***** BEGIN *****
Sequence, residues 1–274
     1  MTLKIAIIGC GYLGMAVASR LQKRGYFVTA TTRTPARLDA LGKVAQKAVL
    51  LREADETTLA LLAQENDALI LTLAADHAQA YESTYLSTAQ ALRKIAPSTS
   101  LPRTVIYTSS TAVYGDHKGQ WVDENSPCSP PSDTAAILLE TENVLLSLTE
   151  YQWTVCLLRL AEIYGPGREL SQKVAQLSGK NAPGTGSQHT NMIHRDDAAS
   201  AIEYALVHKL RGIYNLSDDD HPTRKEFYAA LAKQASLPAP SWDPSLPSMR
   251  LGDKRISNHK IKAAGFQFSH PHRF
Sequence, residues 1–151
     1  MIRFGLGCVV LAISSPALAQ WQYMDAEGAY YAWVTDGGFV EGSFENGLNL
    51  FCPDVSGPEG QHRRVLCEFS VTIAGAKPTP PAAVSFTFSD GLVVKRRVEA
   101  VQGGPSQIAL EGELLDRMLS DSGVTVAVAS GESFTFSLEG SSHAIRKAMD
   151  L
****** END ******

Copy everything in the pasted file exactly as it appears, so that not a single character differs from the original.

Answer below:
Sequence, residues 1–274
     1  MTLKIAIIGC GYLGMAVASR LQKRGYFVTA TTRTPARLDA LGKVAQKAVL
    51  LREADETTLA LLAQENDALI LTLAADHAQA YESTYLSTAQ ALRKIAPSTS
   101  LPRTVIYTSS TAVYGDHKGQ WVDENSPCSP PSDTAAILLE TENVLLSLTE
   151  YQWTVCLLRL AEIYGPGREL SQKVAQLSGK NAPGTGSQHT NMIHRDDAAS
   201  AIEYALVHKL RGIYNLSDDD HPTRKEFYAA LAKQASLPAP SWDPSLPSMR
   251  LGDKRISNHK IKAAGFQFSH PHRF
Sequence, residues 1–151
     1  MIRFGLGCVV LAISSPALAQ WQYMDAEGAY YAWVTDGGFV EGSFENGLNL
    51  FCPDVSGPEG QHRRVLCEFS VTIAGAKPTP PAAVSFTFSD GLVVKRRVEA
   101  VQGGPSQIAL EGELLDRMLS DSGVTVAVAS GESFTFSLEG SSHAIRKAMD
   151  L